Gossen lightmeter (Zone meter)
Has anyone used The Gossen Starlite Lightmeter Zone system function of the meter?
Last edited by Peterpan; 03-09-2008 at 11:46 AM. Click to view previous post history.
I don't know if this helps, but I have used for years Gossen spotmeter 2 meter's zone system function and I have found it really useful.
When I take photo, I first look at the scene and decide which I want to be zone II or zone III, then take reading from it and move it on the light meter's scale to the right zone (II or III).
Then I check where other zones will fall. If result does not macth with my visualization, I use light meters expansion/contraction functions.
This way it is easy to find right process (N-2, .... N, ... N+2).
At first, I was bit sceptic about the exposure reading that light meter give me after expansion/contraction and took final exposure directly from the scene. But as time passed, I found that there was virtually no difference, so now I happily use exposure time given by light meter┤s zone system function.
I've got a Starlite, and have tried using the Zone system functionality, but find it too finicky. It's annoying having to first switch to Zone mode, take the readings, and then switch back to F or T mode to get the required f-stop and time combination.
Nowadays, I keep it on EV mode, and use the pseudo-analog scale at the bottom to determine the f-stop. You measure the lightest and darkest items - in the same way as the zone system - set the time to an appropriate value, and then set the f-stop to +2 (or whatever suits you) above the reading for the darkest value. For example, if the time is 1/30 sec and the readings on the scale range from 2.8 to 32, I would set the f-stop to 5.6. (I am talking about B/W, of course!)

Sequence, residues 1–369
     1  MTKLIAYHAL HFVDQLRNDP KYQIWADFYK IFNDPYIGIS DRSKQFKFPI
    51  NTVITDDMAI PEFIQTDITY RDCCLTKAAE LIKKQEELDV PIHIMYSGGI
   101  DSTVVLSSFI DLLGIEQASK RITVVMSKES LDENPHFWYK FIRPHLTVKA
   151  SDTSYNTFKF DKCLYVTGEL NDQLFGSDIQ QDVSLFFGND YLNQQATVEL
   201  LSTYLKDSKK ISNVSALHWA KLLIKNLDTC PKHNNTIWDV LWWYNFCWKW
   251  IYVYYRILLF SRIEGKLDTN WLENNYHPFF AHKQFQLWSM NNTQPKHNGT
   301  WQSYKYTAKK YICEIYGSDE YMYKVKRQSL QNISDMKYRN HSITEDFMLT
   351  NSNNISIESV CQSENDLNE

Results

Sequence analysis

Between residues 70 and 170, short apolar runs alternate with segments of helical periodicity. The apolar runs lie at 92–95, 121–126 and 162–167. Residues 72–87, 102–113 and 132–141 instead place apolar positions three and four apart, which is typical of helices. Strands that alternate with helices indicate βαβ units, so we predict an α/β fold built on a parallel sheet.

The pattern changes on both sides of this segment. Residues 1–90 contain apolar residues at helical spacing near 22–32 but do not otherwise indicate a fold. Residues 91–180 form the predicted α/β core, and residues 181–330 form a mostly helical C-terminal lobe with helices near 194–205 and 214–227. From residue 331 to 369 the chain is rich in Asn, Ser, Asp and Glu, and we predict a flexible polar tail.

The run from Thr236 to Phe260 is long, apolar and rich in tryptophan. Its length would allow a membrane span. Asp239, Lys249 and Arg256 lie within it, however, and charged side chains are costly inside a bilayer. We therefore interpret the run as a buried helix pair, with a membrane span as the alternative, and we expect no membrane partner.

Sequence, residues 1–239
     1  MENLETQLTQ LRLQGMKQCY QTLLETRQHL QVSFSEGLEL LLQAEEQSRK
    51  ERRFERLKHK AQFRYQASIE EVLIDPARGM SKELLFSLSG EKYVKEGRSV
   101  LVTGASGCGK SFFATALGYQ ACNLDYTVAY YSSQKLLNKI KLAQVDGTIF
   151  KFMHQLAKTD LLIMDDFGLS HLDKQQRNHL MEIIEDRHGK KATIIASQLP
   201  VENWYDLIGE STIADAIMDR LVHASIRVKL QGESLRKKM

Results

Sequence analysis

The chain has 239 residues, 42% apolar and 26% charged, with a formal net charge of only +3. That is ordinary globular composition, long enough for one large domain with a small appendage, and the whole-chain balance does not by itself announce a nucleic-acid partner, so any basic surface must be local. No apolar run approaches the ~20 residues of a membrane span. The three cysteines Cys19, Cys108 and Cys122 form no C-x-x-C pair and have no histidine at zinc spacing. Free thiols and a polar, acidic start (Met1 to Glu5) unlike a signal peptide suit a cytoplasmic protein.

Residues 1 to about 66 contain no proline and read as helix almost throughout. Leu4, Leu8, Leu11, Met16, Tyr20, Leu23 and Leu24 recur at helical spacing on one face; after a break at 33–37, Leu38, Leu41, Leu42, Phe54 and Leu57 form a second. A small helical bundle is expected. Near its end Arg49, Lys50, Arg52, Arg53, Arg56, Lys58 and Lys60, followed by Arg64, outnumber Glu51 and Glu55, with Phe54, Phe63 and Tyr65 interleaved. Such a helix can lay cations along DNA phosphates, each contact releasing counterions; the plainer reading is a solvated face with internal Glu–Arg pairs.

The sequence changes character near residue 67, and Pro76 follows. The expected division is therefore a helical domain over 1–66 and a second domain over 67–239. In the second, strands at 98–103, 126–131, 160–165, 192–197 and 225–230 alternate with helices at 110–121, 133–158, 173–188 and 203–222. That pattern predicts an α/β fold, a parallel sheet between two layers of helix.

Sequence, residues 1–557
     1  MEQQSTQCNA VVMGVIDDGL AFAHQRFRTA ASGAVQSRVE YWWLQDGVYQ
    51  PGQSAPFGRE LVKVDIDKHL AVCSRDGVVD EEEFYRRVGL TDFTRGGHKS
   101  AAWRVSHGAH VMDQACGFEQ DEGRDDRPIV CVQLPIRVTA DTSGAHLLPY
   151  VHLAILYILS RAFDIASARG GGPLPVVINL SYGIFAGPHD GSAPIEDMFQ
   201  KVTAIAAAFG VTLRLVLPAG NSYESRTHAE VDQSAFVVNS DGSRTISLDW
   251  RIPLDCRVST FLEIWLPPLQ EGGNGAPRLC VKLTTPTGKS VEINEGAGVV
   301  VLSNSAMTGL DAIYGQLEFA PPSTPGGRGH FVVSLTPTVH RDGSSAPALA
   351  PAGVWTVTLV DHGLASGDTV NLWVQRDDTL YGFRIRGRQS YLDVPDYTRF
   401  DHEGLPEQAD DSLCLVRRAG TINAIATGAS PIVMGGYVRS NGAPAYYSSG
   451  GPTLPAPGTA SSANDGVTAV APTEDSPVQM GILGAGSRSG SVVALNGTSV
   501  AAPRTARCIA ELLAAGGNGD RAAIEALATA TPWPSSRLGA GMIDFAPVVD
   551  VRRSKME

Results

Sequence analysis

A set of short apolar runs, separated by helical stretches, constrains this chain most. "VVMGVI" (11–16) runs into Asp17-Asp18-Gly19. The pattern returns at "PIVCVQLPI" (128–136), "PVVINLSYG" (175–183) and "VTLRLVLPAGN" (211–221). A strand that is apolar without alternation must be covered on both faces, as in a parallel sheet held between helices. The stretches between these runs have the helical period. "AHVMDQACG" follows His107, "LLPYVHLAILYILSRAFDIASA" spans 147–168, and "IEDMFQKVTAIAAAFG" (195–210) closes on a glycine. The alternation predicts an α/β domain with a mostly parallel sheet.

(Digital meters are great in some ways - with spot metering, multiple readings, etc - but I really miss the good-old, user-friendly dial on the Weston Euro Master.)
I found the Starlite to be a great learning tool. I use the zone feature and just walk around useing it to place zone 3 and then memorizing and comparing the other tones in the scene. Over time I get an appreciation of varied contrast situations and the values of different tones. Now I can read the scene better before I metre.
The two step procedure forces you to make three choices. Where to put Zone 3, what f stop to use and what speed to use.
I like it because it stops me from being lazy and taking short cuts.
If I outgrow this feature the metre still works however else I choose EV, TV, AV, Flash and all the other stuff I don,t understand.
I like it